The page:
Thursday, 12 June 2014

Can Burma reclaim its status as a major rice player?

Imagine Burma being the second largest rice exporter in the world, just behind Thailand, while Vietnam is the world’s fourth largest rice importer. This was the situation in the international rice market 50 years ago. However, when you think of major players in international rice markets, Burma, officially known as Myanmar, doesn’t come to mind despite its neighbors dominating world rice trade.

It has remained close to self-sufficiency in rice for the last 50 years and despite exporting rice in most years, much smaller nations like Uruguay and Cambodia have been exporting more rice in recent years. This is despite the fact that Burma is the seventh largest rice producing country in the world. It has been exporting rice to sub-Saharan African countries and its neighbor Bangladesh, but these trade volumes are not consistent year to year. Instead, it may be argued that Burma sees international rice markets as a way of getting rid of surplus rice stocks.

Could Burma once again become a major rice bowl for international markets like neighboring Thailand? It has huge natural resources for growing rice like the Irrawaddy Delta; however, average rice yields have been flat and actually dropped slightly over the last decade. Domestic rice consumption is still very high with 50 percent of daily calorie consumption per person coming from rice, but there has been a decreasing trend where locals are substituting rice for other foods. Burma also has the second lowest population growth rate in Southeast Asia behind Thailand.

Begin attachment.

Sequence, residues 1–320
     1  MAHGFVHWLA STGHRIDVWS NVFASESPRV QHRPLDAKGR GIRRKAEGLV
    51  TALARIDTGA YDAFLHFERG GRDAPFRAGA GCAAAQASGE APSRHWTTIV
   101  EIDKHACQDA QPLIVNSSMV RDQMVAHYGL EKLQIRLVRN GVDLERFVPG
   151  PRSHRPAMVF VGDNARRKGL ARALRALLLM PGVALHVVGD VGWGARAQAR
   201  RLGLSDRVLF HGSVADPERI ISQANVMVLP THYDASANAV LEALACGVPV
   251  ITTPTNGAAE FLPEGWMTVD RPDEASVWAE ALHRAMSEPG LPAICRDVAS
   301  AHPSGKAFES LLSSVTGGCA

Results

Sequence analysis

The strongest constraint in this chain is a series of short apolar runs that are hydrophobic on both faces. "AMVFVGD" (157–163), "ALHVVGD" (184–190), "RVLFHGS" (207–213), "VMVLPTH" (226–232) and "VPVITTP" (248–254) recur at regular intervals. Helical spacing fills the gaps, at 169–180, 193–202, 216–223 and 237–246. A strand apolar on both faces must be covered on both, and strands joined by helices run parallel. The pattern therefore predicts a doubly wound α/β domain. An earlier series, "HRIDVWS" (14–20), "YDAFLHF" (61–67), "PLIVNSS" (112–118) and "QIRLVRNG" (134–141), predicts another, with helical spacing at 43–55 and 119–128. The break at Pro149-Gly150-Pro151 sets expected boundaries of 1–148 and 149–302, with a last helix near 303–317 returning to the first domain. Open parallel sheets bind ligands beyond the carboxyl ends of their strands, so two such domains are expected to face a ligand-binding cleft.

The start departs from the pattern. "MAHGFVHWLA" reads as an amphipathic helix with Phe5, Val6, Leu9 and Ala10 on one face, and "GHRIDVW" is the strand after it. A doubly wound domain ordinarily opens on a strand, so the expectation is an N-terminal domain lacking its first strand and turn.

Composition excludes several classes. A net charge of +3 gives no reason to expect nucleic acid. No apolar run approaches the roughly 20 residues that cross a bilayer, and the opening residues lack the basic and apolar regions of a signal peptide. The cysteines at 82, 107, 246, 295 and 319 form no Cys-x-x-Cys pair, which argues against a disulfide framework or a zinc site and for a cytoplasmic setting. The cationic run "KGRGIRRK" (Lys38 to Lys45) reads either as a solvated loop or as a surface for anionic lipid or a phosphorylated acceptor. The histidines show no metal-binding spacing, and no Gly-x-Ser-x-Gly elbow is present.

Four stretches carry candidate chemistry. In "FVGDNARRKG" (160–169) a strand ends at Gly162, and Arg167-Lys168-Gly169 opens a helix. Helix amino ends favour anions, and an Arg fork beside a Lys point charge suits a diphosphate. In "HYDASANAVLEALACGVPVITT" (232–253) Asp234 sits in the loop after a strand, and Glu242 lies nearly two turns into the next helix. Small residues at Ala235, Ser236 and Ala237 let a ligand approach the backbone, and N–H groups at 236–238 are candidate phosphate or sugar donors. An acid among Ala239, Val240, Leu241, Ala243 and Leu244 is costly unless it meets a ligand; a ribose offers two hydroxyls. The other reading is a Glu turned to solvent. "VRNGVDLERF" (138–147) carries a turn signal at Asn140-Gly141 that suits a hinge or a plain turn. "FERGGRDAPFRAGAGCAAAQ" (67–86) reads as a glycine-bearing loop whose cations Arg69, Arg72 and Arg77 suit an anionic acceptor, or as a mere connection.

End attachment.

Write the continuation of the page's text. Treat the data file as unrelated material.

Whether Burma can re-establish itself as one of the world’s major rice exporters really depends on if it can complement its reducing domestic demand for rice with addressing stagnating rice productivity.

This article was originally published in Oryza on 10 June 2014. Oryza is an industry leader in rice and a media partner of DVB.

Author Adam John is a PhD economics candidate at the Agricultural and Food Policy Studies Institute at Universiti Putra Malaysia in Kuala Lumpur, Malaysia, and is based in Stockholm. His thesis looks at international rice prices and their effects on rice markets.

The views expressed in this article are the author’s and do not reflect DVB editorial policy.

source: DVB
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